Fox News anchor Tucker Carlson excused one of the leaders of the extremist Oath Keepers organization implicated in the January 6 insurrection by describing him as “a devout Christian.” It’s safe to surmise that he wouldn’t have offered a similar defense for a Muslim American. Since September 11, and even before that ominous date, they have suffered bitterly from discrimination and hate crimes in this country, while their religion has been demonized. During the first year of the Trump administration, about half of Muslim Americans polled said that they had personally experienced some type of discrimination.

No matter that this group resides comfortably in the American mainstream, it remains under intensive, often unconstitutional, surveillance. In contrast, during the past two decades, the Department of Justice for the most part gave a pass to violent white supremacists. No matter that they generated more terrorist attacks on US soil than any other group. The benign insouciance of the white American elite toward such dangerous fanatics also allowed them to organize freely for the January 6 assault on the Capitol and the potential violent overthrow of the government.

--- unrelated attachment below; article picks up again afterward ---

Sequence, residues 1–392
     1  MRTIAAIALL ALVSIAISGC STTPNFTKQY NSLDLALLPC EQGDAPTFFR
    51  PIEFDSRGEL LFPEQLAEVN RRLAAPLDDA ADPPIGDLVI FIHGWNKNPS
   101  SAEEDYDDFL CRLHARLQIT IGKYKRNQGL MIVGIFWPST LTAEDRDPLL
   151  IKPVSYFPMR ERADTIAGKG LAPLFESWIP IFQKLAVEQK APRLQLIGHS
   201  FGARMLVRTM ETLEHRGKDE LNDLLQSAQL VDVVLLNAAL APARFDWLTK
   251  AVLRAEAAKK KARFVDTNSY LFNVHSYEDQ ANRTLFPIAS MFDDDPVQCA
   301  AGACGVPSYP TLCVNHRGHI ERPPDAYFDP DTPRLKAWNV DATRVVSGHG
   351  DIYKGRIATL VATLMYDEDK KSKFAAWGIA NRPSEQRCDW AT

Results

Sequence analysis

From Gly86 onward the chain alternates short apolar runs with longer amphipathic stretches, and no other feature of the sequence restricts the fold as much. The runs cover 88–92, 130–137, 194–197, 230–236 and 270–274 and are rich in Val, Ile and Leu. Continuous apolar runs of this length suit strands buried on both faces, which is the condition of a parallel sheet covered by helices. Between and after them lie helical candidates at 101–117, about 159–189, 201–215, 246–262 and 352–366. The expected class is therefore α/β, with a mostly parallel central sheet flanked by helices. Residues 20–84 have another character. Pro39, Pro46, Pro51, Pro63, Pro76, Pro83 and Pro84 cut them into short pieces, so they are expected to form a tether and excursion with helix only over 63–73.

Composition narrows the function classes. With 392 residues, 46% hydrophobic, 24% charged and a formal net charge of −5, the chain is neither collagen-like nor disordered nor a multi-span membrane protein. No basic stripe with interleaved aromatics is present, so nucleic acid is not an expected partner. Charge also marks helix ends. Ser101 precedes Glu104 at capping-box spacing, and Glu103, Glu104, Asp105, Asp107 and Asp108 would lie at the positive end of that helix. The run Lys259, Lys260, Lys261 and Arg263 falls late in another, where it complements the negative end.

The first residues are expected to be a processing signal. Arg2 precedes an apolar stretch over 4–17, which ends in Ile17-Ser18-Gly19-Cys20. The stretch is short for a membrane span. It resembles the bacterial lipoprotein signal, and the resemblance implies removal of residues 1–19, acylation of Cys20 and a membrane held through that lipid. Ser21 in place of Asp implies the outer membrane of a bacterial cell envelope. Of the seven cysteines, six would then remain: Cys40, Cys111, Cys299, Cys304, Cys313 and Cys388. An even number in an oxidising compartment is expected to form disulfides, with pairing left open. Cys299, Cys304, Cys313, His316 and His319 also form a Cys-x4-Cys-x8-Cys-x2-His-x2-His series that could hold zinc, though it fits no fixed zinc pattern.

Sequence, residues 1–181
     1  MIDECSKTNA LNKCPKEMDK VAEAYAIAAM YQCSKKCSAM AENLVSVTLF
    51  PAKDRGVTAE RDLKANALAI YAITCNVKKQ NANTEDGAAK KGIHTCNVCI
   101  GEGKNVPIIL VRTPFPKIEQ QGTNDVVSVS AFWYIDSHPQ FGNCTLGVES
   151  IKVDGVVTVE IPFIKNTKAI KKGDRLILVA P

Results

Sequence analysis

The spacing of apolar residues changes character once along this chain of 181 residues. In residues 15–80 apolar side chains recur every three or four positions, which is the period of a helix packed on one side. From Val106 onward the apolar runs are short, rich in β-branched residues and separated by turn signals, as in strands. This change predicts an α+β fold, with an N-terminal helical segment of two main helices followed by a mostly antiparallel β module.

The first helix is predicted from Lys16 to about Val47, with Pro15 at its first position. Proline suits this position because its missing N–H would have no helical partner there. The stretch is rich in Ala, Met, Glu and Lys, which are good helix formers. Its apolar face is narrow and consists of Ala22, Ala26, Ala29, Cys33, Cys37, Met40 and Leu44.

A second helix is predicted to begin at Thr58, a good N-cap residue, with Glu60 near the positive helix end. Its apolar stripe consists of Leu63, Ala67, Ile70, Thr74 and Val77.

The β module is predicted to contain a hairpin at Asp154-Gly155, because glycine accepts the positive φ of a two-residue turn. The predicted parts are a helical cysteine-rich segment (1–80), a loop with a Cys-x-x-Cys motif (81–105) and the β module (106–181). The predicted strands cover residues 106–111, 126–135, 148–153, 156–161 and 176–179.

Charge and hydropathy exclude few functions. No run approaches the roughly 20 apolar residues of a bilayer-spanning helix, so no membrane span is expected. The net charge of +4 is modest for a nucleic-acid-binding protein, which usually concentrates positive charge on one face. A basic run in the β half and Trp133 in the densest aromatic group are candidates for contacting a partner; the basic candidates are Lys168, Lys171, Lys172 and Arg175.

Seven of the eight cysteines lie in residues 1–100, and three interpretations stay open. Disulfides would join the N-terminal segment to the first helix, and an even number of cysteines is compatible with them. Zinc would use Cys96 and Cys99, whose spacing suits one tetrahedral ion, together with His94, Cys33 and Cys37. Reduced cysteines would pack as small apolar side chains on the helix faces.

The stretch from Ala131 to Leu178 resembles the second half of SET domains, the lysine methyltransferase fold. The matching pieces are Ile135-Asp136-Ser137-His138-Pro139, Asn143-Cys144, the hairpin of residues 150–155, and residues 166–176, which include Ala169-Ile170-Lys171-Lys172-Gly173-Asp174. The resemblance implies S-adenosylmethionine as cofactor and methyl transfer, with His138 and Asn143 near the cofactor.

FULL ARTICLE FROM THE NATION

U.S. Charities Funneled More Than $105 Million to Anti-Muslim Groups, New Report Finds

A new report revealed that organizations deemed Islamophobic by the nation’s largest Muslim civil rights group received more than $105 million in donations from U.S. charities between 2017 and 2019.